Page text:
Kansas Chief Justice Lawton R. Nuss Thursday suggested legislators create and fund 22 new judicial positions as an alternative to repealing a statute that mandates at least one judge be located in each of the state’s 105 counties and essentially prevents the Judicial Branch from transferring some of those judges to where they are most needed.
The proposal was contained in the chief justice’s 2013 State of the Judiciary Report, which was delivered to legislators in writing Thursday afternoon.
“For fiscal year 2014, the Supreme Court proposes that rather than eliminating these statutory restrictions on judge transfers, the Legislature instead can create and fund the 22 judicial positions and accompanying staff needed to meet judicial needs in the underserved areas identified by the weighted caseload study,” (a historic exhaustive analysis of the state’s judicial caseload led by the National Center for State Courts). “If the Legislature chooses not to do so, however, then these statutory restrictions should be removed,” Chief Justice Nuss wrote in the annual report.
He noted that the extensive weighted caseload study revealed that “while Kansas has enough judges, some are not placed where they are most needed. That is partially due to a 30-year-old statute that absolutely requires at least one judge to reside in, and have principal office in, each county—regardless of the existing demands of the legal market there,” Chief Justice Nuss wrote in the report.
The weighted caseload study was part of a statewide review of Judicial Branch operations that included a 24-member Blue Ribbon Commission, composed of citizens “from a variety of backgrounds and leadership positions from across the state.”
Thursday’s State of the Judiciary message outlined progress made the last twelve months in implementing the commission’s recommendations in 11 main categories, which include the development of statewide electronic filing (e-filing) of court cases. Nuss said current e-filing funding through the end of this fiscal year, including legislative appropriations and federal grants, will cover the two appellate courts and the district court in Shawnee County as well as pilot projects in Douglas, Leavenworth, and Sedgwick county district courts.
“Additional legislative funding [from the State General Fund] is being sought for fiscal year 2014 to allow full statewide implementation of EFS (e-filing system) by the end of calendar year 2015,” Chief Justice Nuss wrote.
He said the Supreme Court ultimately intends to develop and implement a complete centralized statewide e-courts environment—EFS plus electronic case management systems (CMS) and document management systems (DMS).
“Upon completion, such a combination of statewide systems could allow court personnel in any location to work virtually on court business in any other location, once again allowing the Supreme Court to more effectively and efficiently manage the state’s court system. Properly used, such statewide systems could help us to keep a functioning ‘open for business’ court clerk’s office in all 105 counties.
“It might be suggested that these electronic systems are absolutely critical to keeping some of these offices open, and further suggested that keeping these offices open is absolutely critical to providing access to justice for our fellow Kansans living in those areas,” Chief Justice Nuss wrote.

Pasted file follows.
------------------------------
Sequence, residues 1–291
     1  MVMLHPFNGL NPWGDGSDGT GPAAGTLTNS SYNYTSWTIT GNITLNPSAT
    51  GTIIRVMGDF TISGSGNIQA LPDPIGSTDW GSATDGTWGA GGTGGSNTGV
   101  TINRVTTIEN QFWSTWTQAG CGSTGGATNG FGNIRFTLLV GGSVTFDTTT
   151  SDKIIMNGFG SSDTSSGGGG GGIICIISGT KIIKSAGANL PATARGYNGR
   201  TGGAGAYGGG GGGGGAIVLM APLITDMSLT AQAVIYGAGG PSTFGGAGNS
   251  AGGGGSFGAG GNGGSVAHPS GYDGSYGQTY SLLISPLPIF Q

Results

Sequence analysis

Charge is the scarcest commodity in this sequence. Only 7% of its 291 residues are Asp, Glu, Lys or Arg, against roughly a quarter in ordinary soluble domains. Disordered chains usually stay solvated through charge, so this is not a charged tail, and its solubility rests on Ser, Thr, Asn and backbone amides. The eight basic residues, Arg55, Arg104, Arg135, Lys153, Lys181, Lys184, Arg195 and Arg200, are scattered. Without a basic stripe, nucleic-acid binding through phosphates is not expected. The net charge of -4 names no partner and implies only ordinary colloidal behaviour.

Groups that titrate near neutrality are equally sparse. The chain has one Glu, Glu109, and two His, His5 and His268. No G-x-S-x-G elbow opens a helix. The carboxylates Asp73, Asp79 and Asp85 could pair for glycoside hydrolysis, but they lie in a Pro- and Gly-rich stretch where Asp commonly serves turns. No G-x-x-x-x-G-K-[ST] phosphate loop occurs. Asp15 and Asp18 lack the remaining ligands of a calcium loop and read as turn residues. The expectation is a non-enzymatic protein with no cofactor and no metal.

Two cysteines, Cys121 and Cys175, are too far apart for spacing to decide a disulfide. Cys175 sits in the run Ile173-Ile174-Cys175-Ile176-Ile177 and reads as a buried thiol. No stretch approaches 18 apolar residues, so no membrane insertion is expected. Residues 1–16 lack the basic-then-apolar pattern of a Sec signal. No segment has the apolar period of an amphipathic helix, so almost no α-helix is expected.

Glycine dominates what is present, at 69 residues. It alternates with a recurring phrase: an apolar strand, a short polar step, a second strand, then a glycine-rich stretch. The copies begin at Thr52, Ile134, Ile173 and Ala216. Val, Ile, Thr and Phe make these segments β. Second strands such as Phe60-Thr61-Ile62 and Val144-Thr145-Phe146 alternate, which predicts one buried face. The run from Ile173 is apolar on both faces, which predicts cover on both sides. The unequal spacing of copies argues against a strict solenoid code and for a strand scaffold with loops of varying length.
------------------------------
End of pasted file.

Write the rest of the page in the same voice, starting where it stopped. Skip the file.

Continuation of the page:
In his report’s conclusion, Chief Justice Nuss observed that “Several themes have been emphasized recently in the state to set the course for the conduct of Kansas government. First, government should become more efficient, but still provide essential or core services to the people we all serve. Second, government should promote economic growth of existing businesses and those that Kansas hopes to attract to our state.” He pointed out that the Kansas Judicial Branch is doing all of these.
Looking at these themes, Nuss noted increased efficiencies and the growing application of sound business management principles in the Judicial Branch. As for providing essential services, the Chief Justice wrote, “administering justice to all Kansans has been an original function of government performed by the Judicial Branch since 1861. Indeed, since 1861 the Kansas Constitution Bill of Rights has provided that Kansans are entitled to ‘remedy by due course of law’ and [civil] ‘justice administered without delay.’ ”
“Adequate court funding is critical to providing these essential services—while inadequate funding undermines not only access to justice, but also the people’s belief in the justice system itself,” the chief justice wrote.
The chief justice concluded that if promoting economic growth is now the set course for Kansas government, “then the Kansas Judicial Branch should be recognized as a vital factor in that formula for success.” He emphasized that Kansas courts have been deciding business disputes since 1861.
Nuss further observed that the excellence of the Kansas courts was acknowledged in a 2012 business survey by the U.S. Chamber of Commerce. He pointed out the survey ranked our courts “fifth among the states in the overall ranking of state liability systems.” The chamber declared these rankings were important to the business community because “a state’s litigation environment is likely to impact important business decisions . . . such as where to locate or do business.”